Humans are instilled with a survival instinct. Our bodies are made to survive — we instinctually breathe, blink, sneeze, and even jump from the path of moving vehicles. This fact makes anorexia perplexing to many. How can people starve themselves, sometimes to the point of death, while many, if not most, others struggle to stay on a small diet?
The answer is unknown, really. Research has honed in on several risk factors for anorexia, including genetics, environment, emotional stability, and perhaps most fascinating, the brain.
The brains of those with and recovered from anorexia have subtle but impactful differences from those who have never struggled with the disorder. The brains of people with anorexia have a different reward response, react differently to feedback, and have altered serotonin pathways.
Do Brain Changes Occur Before Physical Changes?
These differences are found not just in people who are actively anorexic but also in people long recovered from the disease. So nobody is certain if these neurobiological differences are present before someone becomes anorexic and are physical predictors of the illness or if these neurobiological differences are “scars” from prolonged starvation.
Clinically, individuals with anorexia have difficulty experiencing pleasure, but when compared to non-anorexics, they more easily abstain from pleasurable experiences — not only the after-dinner dessert but also most pleasures in life1.
Also, people with this eating disorder struggle to enjoy a reward because they’re too worried about the consequences, according to a paper by Walter Kaye, who has studied the neurobiological element of anorexia for some time2. This makes sense: the after-dinner dessert isn’t worth the anxiety it would cause.
Brains of Anorexics Respond Differently to Food Stimuli
In fact, the brains of people who have or had anorexia don’t even respond to food, or pictures of it, like control groups.
When given sugar, people who are recovered from anorexia show less brain activity than other people who like sugar and have never had an eating disorder, leading researchers to believe those with anorexia get less pleasure from food3.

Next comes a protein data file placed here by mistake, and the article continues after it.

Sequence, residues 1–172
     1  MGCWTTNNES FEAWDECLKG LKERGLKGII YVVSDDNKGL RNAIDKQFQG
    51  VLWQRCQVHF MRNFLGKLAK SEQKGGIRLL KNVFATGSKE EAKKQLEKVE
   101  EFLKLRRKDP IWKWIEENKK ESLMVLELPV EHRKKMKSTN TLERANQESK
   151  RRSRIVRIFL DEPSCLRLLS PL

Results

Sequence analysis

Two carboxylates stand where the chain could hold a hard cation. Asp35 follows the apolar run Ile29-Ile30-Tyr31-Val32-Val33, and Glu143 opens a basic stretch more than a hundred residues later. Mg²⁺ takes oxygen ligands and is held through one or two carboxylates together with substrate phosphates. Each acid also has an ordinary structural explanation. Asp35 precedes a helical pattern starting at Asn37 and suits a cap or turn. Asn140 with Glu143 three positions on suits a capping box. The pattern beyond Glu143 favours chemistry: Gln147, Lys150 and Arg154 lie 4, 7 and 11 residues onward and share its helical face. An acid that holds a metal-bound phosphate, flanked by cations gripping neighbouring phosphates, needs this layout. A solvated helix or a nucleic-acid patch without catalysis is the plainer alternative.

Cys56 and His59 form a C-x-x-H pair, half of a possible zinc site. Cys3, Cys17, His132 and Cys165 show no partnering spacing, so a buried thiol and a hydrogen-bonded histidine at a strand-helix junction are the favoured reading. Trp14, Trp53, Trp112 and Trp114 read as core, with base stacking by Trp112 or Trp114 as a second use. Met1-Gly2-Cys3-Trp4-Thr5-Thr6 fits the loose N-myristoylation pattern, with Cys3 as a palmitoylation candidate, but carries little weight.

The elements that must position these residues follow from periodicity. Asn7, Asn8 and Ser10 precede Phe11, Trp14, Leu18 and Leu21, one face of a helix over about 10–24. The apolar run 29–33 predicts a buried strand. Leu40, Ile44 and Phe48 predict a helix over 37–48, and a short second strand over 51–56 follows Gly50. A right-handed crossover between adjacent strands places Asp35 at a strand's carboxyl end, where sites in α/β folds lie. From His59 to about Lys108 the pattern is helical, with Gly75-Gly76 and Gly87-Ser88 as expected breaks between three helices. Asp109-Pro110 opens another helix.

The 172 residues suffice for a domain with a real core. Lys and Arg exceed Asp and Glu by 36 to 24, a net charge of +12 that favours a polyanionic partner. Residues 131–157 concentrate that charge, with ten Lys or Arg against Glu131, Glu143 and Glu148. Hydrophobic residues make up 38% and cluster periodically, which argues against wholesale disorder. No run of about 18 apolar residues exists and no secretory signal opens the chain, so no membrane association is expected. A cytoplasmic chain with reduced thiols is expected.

The same researchers performed a well-known “guessing-game” protocol, where people can win or lose money, on people recovered from anorexia and on healthy controls.
The control group had very different neural brain activity for winning money than they did for losing money; but the group recovered from anorexia had similar brain reactions to both winning and losing, the researchers found.
These results suggest people with anorexia may have trouble distinguishing between positive and negative feedback, the researchers wrote, which “could help explain why it is so tough to motivate them to go into treatment or appreciate the consequences of their behaviors.”
The Parts of the Brain that Are Affected By Eating Disorders
Kaye cites imaging data that show the brains of those with anorexia and those recovered from the illness have an under-active limbic circuity, which relates to feeling the reward, and an operatic executive neural circuity, which relates to inhibition. “That is,” Kaye writes, “ill persons with AN (anorexia nervosa) tend to perceive their actions as incorrect or flawed and are highly sensitive to criticism, rather than being able to appropriately proportion reward and punishment in order to learn from experience.”